STRANDED Hanjin containers are clogging supply chains and the ports of Los Angeles and Long Beach with thousands of box-mounted chassis taking up space and getting in the way of the flow of other cargo, reports American Shipper.
Shippers or truckers are unable to return containers to terminals or container yards of the near bankrupt South Korean shipping giant, so the chassis are not available for use.
"Other ports talk about hundreds, here it is thousands. The situation is critical," said Harbour Trucking Association executive director Weston LaBar.
He estimates at that 10,000 chassis out of 100,000 cannot be used because they have Hanjin containers on them.
In a Newark bankruptcy court filing, Hanjin said it did "not assert any interest in containers that it does not own or are the subject of a saleleaseback agreement," but added it had not settled issues relating to the saleleaseback agreements.
Hanjin also told the court it "advised customers that they should contact the owners of the containers to arrange for inland delivery and their return".
As to Hanjin owned containers, Hanjin is finalising a lease for property located near New York City for the return and storage of Hanjin containers. Hanjin said it was also working diligently to find space on the west coast for the return and storage of its containers.
"Moreover, Hanjin has been working with more than 70 marine terminals and offdock container yards to arrange for return and storage of Hanjin-owned and Hanjin-leased containers.
But Hanjin said it is has been advised by more than 40 of such terminals and yards that they are now at full capacity.
Said Mr LaBar: "When Hanjin declared bankruptcy, the trucking community saw a real dire situation that they would be facing. We've been pretty disappointed with the allotment of chassis in the pool of pools."
He said repairs were not being made at an adequate pace, there were concerns there were not going to be enough chassis for companies to operate.
Long Beach port's chief commercial officer Noel Hacegaba said they were encouraging the largest source of chassis in the region - the "pool of pools" - created by leasing companies DCLI, FlexiVan and TRAC Intermodal to do chassis repair faster.
They were also looking for locations where containers owned and leased by Hanjin can be stored.
The pool of pools has about 74,000 chassis, and 700 returned to service in just the past week. The percentage of "bad order" chassis has fallen to 7.6 per cent from nine per cent in the past two weeks.
Mr Hacegaba said leasing companies are continuing efforts to speed repairs and put the number of Hanjin containers "on the street" at 10,000 with 5,000 containers at terminals.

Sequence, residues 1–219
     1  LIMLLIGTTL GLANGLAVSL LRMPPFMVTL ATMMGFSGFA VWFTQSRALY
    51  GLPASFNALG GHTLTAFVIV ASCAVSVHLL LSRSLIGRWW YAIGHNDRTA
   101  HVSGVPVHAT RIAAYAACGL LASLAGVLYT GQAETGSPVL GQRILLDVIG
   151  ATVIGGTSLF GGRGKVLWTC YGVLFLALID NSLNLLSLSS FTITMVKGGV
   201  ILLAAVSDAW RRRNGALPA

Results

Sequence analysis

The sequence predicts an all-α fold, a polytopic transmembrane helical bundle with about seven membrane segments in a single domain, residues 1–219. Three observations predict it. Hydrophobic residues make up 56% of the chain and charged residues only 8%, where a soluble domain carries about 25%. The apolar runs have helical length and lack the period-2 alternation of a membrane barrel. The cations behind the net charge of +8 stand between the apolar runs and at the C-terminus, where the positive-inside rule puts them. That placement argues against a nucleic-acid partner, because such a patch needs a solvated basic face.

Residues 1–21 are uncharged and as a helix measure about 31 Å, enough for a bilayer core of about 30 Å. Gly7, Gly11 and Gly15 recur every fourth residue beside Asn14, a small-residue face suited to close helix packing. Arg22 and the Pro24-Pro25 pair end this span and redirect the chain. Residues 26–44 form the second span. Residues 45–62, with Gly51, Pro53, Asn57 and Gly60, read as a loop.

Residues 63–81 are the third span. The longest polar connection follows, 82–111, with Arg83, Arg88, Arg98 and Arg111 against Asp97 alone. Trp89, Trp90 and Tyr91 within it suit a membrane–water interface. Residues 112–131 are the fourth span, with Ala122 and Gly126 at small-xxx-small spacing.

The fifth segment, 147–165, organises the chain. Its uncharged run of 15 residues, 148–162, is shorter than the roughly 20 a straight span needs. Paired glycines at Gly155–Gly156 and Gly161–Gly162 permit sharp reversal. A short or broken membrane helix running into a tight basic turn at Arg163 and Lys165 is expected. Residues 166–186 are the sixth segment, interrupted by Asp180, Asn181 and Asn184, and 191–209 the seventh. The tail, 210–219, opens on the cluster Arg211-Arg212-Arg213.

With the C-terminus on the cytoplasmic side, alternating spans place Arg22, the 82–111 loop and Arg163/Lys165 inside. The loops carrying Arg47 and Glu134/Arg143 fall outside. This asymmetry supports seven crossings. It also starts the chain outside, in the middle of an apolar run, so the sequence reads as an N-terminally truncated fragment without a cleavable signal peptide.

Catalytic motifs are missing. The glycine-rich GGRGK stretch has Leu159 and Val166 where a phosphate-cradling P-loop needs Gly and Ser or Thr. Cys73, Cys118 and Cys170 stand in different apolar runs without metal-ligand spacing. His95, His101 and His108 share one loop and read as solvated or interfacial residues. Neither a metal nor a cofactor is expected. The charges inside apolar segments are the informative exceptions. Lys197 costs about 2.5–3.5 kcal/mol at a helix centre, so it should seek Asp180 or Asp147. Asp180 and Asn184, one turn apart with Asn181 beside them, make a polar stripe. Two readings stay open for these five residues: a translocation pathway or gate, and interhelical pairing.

Many containers are at Pier T in Long Beach, which is operated by Total Terminals International (TTI). Hanjin's 2015 annual report notes it owns 54 per cent of TTI.
Meanwhile, other containers are scattered among at least five other terminals in the two ports where Hanjin or its space sharing partners in the CKYHE Alliance Cosco, "K" Line, Yang Ming and Evergreen operate.
Mr LaBar said some larger trucking companies do have the ability and space to put Hanjin containers on ground and continue to use chassis, but he said for small and medium size draymen, "they have run out of space and may not necessarily have the ability to ground Hanjin containers, so for them, the chassis situation is critical and they are looking for some true relief".
It is not clear exactly what percentage of the Hanjin containers in southern California are leased and what percentage are owned.
But many are leased from Triton International, the world's largest container lessor, formed recently through the merger of Triton Container and TAL International.
At a presentation to securities analysts last week, Triton said it had 87,010 containers (with 148,108 TEU of capacity) hired by Hanjin with a net book value of about US$243 million.
Triton also said it was seeking to gain control of those containers and redeploy them as quickly as possible.
With leased containers, Mr LaBar said there is some opportunity to return those containers, but he said some locations designated by leasing companies for returns "filled up quickly".
"You get some in and out, but they still tend to be pretty much fully utilised," he said. "It's not like there is a large amount of these leased boxes that are able to be returned at this point in time."
LA port spokesman Phillip Sanfield said the port had short-term agreements with terminals and other businesses to store containers, mostly those leased to Hanjin in and around the port.
But space was limited in and around the port. Port executive director Gene Seroka said storage was being set up away from in the "Inland Empire" area.
Mr Hacegaba said Saybrook Capital, affiliated with Total Transportation, is making 50 acres available in Ontario, California for Hanjin leased boxes, but not owned.
Said Mr LeBar: "I don't think that does anything for the trucking community unless that is a termination yard. You drop your box 50 miles from the harbour and you pay $15 a day on storage. That is not a solution."
LaBar and Hacegaba said none of the marine terminals in Los Angeles and Long Beach are accepting Hanjin-owned boxes, including TTI's terminal at Pier T.
Source : SN – TR.